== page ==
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For one of our project, we need to pull huge real time stock data from 4 remote servers across two countries. The trivial process here, check the sources for a regular interval and save the update to database.

But as these are real time stock data of more than 1000 companies, I have to pull every second, which isn't good in case of memory, bandwidth I think.

Please give me suggestion on which technology/platform [We are flexible here. PHP, Python, Java, PERL - anyone of them will be OK for us] we should choose, it can be achieved easily and with better performance.

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closed as primarily opinion-based by DNA, random, Paul R, Mark Rotteveel, Selman22 Jun 15 '14 at 10:38

Many good questions generate some degree of opinion based on expert experience, but answers to this question will tend to be almost entirely based on opinions, rather than facts, references, or specific expertise. If this question can be reworded to fit the rules in the help center, please edit the question.

4 Answers 4

If you want huge, real-time data, chances are that the protocol matters much more than the language. However, here are a few aspects you may wish to take into account:

  • HTTP was never meant for huge data or real-time, so if you can use something more appropriate, you're probably better off with another protocol -- from the top of my head and if I recall correctly, FTP is one example of a more bandwidth-friendly protocol than HTTP, although it's certainly not the best one
  • given the setting of permanent pulling, you're probably better off in a language which contains primitives for asynchronous I/O and is robust with respect to threads.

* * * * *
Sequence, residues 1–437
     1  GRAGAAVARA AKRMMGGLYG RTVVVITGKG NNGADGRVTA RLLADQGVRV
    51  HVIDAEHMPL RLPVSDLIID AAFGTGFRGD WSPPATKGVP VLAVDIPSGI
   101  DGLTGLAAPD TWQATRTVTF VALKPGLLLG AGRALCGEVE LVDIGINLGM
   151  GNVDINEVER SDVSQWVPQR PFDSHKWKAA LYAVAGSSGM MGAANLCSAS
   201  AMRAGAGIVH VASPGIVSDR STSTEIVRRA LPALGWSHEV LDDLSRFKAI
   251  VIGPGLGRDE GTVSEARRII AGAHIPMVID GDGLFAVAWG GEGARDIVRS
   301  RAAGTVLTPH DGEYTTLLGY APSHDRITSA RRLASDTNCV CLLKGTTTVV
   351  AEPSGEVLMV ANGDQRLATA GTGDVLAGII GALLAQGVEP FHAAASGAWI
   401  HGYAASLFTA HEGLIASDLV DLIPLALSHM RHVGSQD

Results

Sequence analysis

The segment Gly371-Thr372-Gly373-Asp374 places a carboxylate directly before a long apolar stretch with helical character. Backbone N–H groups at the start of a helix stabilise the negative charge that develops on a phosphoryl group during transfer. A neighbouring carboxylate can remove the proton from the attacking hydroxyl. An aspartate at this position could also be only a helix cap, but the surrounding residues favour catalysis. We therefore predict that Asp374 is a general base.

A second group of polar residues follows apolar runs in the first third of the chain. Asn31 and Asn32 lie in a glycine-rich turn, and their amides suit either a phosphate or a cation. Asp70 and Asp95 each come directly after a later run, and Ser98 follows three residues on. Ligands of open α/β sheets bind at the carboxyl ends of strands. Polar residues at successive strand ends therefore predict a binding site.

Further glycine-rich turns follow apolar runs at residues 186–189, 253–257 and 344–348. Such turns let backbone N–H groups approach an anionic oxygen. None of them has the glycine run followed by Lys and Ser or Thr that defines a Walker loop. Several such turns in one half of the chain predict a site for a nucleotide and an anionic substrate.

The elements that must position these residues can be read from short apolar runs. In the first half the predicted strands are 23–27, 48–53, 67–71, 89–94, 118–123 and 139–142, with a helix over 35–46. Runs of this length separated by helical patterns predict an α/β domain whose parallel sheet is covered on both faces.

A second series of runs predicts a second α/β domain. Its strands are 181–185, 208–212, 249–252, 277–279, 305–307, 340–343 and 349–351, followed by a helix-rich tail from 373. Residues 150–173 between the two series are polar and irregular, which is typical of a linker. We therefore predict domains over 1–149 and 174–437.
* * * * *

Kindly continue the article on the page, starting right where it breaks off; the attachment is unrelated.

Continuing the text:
I'd personally go for Erlang: built-in high-speed protocols for distributing data, asynchronous everything and probably the best implementation of concurrency and distribution this side of academia.

If you are limited to the list of languages you provided, I'd go for Java. The I/O is a tad complicated but rather powerful, the library contains so many objects that it's bound to have what you need somewhere, it allows asynchronous I/O and it manages threading quite decently.

That said, I'd concentrate more on the protocol than the language. No matter what language you use, there's bound to be a library for your protocol.

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Thank you very much. –  Habib Ullah Bahar Feb 2 '10 at 5:24

It is unlikely that a particular technology will be better over all the others in a significant way, making that a clear choice. You need to design it appropriately. The language you use will be of little consequence.

Also, your question is really unanswerable without having access to a lot more information than which you provided in your question (and which you cannot possibly provide here).

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@Moron, think about changing that name ;-D –  pavium Feb 1 '10 at 7:31
If I do, all the @Moron comments I have been getting will suddenly turn rude :-) –  Aryabhatta Feb 2 '10 at 1:45

Tossing some names so you can go explore: HTTP, XMPP, AMQP, ZeroMQ. Implementation wise, things coded in Erlang that have cluster support might be a good fit.

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As mentioned, protocol is more important then technology. Based off my experience you are likely going to be sending very similar data at quick (possibly non-standard) intervals so you can, with a little bit of effort develop a lightweight data/content schema and send everything as raw binary. Please avoid JSON/XML for your data, it's way too fat and slow for way too little benefit unless you have lots of resources and bandwidth.

Pick a protocol that's going to be fast in doing so (I can't offer much suggestions here, don't do HTTP though).

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